STALKING AND HUNTING

The term "stalking" naturally reminds us of hunting. A stalker is one who observes, one in whom stealth forms an integral part of conduct. A hunter is necessarily a stalker, although only warriors would be able to apply this technique to every aspect of their life, converting its every element, including self an personal weaknesses, into their prey.

The true hunter, as well as the stalker, well knows the differnce  betwen judgement and observation, between paying attention and thinking. If we wish to trap prey, we must first observe it. We must silently perceive what the prey does in order to know its routines: where it eats, when and what time it sleeps,, its movements, and so forth. If our observation is effective, we will become familiar with these routines, alllowing us to later devise a trap agains them.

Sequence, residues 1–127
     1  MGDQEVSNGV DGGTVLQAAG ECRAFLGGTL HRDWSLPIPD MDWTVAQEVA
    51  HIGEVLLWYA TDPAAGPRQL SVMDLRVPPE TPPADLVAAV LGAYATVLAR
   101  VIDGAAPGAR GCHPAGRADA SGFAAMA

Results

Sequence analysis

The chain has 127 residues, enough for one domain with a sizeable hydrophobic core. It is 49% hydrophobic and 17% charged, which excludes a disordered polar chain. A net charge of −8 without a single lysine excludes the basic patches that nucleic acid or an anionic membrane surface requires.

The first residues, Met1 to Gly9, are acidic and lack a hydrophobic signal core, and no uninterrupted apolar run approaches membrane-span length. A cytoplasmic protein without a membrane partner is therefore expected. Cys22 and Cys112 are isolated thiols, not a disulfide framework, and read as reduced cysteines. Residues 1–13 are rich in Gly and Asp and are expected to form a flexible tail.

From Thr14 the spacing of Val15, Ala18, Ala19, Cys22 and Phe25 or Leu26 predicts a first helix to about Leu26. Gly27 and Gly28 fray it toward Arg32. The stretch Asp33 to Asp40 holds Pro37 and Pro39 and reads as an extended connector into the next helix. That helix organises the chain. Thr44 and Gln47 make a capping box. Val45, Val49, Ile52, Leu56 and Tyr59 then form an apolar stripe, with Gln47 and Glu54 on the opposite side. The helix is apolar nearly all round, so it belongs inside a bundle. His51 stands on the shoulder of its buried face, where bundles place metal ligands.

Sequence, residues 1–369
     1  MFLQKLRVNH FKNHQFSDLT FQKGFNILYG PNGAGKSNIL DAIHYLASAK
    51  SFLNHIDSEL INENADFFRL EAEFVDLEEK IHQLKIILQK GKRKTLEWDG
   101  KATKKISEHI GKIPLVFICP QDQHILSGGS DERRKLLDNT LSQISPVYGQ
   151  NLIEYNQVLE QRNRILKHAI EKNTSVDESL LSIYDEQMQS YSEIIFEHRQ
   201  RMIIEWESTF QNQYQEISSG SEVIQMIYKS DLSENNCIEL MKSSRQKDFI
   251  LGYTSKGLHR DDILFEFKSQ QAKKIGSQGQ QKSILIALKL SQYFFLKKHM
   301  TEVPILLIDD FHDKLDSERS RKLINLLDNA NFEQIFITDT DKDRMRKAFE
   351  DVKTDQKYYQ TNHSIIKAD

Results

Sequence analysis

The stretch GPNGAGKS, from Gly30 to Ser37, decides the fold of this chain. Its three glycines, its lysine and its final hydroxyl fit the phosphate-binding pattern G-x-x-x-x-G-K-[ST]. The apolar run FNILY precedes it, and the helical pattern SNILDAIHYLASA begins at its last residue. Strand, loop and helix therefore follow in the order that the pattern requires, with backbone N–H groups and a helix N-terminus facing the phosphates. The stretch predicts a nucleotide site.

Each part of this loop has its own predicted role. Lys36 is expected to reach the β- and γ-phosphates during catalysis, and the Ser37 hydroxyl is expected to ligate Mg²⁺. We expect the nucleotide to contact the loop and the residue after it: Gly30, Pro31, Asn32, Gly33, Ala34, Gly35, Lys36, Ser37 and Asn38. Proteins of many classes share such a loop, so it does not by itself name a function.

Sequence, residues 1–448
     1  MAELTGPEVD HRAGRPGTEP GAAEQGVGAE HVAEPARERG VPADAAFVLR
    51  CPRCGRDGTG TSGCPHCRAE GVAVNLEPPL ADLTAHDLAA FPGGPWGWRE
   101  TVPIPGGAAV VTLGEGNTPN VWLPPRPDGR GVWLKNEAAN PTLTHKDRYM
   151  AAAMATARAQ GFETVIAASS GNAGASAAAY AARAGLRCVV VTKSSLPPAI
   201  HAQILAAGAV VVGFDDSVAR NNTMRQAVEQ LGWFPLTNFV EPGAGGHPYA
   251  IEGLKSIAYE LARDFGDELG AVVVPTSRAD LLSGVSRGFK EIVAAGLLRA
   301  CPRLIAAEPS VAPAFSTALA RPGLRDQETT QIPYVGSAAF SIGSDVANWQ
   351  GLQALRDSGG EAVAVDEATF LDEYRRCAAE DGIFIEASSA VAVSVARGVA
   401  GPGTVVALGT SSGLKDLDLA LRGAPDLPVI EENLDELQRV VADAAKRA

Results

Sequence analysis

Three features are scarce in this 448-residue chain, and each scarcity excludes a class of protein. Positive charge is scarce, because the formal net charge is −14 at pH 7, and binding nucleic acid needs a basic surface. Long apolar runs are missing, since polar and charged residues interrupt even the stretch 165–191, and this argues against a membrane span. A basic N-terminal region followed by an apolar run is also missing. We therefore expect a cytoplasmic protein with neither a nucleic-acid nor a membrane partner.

The average person, unable to distinguish between thoughts and reality, confounds observation with judgement. We pass though life thinking things (generally negative) about the people around us, or about ourselves, and this we call obersvation. The observation of the huter, however has nothing to do with criticism. Imagine for a moment what would occur if hunters, instead of observing the prey silently, begin to speculate about its qualities or defects, judging it as beautiful or ugly, interesting or boring. For example, in place of observing where and at what time it drinks water, imaginge saying to yourself: "I imagine that this animal is accustomed to being thirsty around noon, and, therefore, it will have to drink water at the water hole; besides it has a foolish looking fasce so it shouldn't be difficult to trap" Later, having taken your thoughts seriously, you are angry that your prey is far from the water hole at midday.

When hunters observe, there is no room for thought or internal dialogue. Everything is direct and simple: merely observe what is there. Observation is one of the basic elements upon which the art of stalking is constructed. Another one is unusuall behavior.